[seqfan] Re: Divided by first digit, have last digit as remainder
Charles Greathouse
charles.greathouse at case.edu
Wed Mar 21 15:27:15 CET 2012
This is an automatic sequence in the terminology of Allouche &
Shallit: it can be recognized by a regular expression (or finite-state
machine) working on the decimal expansion of the number.
The easy parts:
1.*0
2.*[01]
4.*[02468][0123]
4[0123]
5.*[01234]
8 is routine but somewhat long.
3, 6, and 9 are longer than 8 but not too hard; here's 3:
3([0369]|[147][0369]*[258]|[147][0369]*[147][0369]*[147]|[258][0369]*[147])*[012]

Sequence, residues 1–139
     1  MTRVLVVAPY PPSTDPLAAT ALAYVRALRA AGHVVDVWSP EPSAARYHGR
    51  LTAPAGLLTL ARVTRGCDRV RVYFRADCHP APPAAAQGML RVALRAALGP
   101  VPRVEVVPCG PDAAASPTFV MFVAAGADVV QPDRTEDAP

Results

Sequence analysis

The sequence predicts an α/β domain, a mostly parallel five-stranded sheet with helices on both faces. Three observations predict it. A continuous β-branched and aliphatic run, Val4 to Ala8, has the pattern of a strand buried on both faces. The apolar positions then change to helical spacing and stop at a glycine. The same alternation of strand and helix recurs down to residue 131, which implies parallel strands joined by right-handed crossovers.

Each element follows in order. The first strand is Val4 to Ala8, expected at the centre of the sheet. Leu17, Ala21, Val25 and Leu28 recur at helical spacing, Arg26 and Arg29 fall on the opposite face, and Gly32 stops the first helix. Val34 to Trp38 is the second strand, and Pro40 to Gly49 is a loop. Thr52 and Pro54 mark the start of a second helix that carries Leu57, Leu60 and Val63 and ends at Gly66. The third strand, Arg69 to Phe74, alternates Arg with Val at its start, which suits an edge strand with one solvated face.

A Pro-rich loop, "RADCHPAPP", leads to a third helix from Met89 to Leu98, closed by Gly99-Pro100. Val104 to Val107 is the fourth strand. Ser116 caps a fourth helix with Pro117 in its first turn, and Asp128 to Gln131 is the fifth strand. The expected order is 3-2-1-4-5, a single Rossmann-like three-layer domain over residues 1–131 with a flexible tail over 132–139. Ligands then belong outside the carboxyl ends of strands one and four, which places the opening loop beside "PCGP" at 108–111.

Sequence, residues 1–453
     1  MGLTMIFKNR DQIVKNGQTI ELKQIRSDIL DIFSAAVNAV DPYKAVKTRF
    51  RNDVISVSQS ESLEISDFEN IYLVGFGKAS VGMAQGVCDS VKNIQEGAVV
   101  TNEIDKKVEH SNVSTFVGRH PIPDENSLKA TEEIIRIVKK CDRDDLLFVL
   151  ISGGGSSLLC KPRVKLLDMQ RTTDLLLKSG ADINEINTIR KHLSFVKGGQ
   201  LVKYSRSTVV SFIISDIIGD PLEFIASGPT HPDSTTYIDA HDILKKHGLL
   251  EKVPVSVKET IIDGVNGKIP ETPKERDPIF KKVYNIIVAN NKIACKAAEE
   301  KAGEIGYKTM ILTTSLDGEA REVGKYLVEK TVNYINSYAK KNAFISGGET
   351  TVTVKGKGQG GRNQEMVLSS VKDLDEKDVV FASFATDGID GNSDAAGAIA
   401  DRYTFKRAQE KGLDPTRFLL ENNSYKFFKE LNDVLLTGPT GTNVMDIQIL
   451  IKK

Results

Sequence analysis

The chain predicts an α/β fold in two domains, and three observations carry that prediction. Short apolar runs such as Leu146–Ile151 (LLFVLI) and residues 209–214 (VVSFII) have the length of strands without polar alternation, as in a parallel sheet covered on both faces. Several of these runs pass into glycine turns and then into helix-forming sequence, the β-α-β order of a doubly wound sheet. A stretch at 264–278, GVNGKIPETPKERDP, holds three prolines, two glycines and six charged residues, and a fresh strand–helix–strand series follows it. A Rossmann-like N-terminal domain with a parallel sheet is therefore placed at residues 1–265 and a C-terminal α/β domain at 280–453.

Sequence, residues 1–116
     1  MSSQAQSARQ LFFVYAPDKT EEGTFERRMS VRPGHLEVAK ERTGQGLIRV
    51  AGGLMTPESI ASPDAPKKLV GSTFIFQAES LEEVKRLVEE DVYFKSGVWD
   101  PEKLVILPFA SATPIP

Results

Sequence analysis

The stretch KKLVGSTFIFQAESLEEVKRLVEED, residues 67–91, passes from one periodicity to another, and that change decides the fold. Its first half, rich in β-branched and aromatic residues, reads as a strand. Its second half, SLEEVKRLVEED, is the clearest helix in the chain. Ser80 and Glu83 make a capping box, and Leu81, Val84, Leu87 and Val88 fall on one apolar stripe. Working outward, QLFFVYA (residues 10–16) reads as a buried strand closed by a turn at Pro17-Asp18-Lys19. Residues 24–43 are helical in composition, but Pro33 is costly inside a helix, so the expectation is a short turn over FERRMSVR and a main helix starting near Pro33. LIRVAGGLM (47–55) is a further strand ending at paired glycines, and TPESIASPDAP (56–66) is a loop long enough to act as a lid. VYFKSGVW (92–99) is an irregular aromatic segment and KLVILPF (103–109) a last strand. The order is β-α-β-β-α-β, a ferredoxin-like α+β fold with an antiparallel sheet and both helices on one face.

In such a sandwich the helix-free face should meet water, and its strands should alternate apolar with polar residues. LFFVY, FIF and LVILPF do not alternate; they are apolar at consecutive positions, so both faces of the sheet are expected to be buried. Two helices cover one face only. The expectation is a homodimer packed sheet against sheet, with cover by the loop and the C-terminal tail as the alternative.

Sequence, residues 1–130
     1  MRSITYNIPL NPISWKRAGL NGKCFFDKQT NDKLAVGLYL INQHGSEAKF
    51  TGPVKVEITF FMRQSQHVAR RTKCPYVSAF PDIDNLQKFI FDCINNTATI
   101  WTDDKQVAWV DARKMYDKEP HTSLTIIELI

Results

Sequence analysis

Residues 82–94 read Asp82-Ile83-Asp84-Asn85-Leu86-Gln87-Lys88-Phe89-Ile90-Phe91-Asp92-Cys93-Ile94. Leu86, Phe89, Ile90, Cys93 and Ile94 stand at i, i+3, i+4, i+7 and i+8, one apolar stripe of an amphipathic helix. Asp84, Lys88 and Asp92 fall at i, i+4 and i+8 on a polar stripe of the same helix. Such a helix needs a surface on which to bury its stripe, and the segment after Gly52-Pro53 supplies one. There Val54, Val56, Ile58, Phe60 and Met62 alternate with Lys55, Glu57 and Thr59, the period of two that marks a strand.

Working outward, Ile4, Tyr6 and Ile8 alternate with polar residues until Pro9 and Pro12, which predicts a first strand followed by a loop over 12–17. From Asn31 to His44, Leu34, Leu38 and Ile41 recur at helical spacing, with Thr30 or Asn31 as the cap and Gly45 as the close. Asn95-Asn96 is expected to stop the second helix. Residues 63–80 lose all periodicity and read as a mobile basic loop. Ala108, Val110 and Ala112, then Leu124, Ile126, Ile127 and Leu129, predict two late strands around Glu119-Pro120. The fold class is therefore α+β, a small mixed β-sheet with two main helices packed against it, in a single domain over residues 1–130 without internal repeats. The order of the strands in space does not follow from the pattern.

7 is hard. The length of the entire regular expression will be
essentially the same as the length of this part, which will be several
thousand characters.
Charles Greathouse
Analyst/Programmer
Case Western Reserve University
On Wed, Mar 21, 2012 at 9:00 AM, Eric Angelini <Eric.Angelini at kntv.be> wrote:
>
> Hello SeqFans,
> Numbers which, when divided by their first digit, have their last
> digit as remainder:
>
> 10, 20, 21, 30, 31, 32, 40, 41, 42, 43, 50, 51, 52, 53, 54, 60, 61,
> 62, 63, 64, 65, 70, 71, 72, 73, 74, 75, 76, 80, 81, 82, 83, 84, 85,
> 86, 87, 90, 91, 92, 93, 94, 95, 96, 97, 98, 100, ...
>
> This is not a subsequence of https://oeis.org/A009995
> ("Numbers with digits in strictly decreasing order").
>
> Best,
> É.
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